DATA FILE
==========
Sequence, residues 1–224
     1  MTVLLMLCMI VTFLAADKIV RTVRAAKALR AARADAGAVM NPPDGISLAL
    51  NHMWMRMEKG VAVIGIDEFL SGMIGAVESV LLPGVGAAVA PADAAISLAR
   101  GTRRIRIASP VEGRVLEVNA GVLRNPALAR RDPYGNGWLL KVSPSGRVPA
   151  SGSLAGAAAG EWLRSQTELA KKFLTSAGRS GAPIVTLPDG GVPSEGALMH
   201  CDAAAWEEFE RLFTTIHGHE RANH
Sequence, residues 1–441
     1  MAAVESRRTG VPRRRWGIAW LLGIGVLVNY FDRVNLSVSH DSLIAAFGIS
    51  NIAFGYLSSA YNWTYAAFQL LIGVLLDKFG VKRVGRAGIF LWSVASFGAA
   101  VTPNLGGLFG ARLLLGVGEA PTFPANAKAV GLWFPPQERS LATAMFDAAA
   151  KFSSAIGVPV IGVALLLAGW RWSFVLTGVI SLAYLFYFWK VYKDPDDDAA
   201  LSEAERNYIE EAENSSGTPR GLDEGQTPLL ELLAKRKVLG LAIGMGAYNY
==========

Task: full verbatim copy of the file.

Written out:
Sequence, residues 1–224
     1  MTVLLMLCMI VTFLAADKIV RTVRAAKALR AARADAGAVM NPPDGISLAL
    51  NHMWMRMEKG VAVIGIDEFL SGMIGAVESV LLPGVGAAVA PADAAISLAR
   101  GTRRIRIASP VEGRVLEVNA GVLRNPALAR RDPYGNGWLL KVSPSGRVPA
   151  SGSLAGAAAG EWLRSQTELA KKFLTSAGRS GAPIVTLPDG GVPSEGALMH
   201  CDAAAWEEFE RLFTTIHGHE RANH
Sequence, residues 1–441
     1  MAAVESRRTG VPRRRWGIAW LLGIGVLVNY FDRVNLSVSH DSLIAAFGIS
    51  NIAFGYLSSA YNWTYAAFQL LIGVLLDKFG VKRVGRAGIF LWSVASFGAA
   101  VTPNLGGLFG ARLLLGVGEA PTFPANAKAV GLWFPPQERS LATAMFDAAA
   151  KFSSAIGVPV IGVALLLAGW RWSFVLTGVI SLAYLFYFWK VYKDPDDDAA
   201  LSEAERNYIE EAENSSGTPR GLDEGQTPLL ELLAKRKVLG LAIGMGAYNY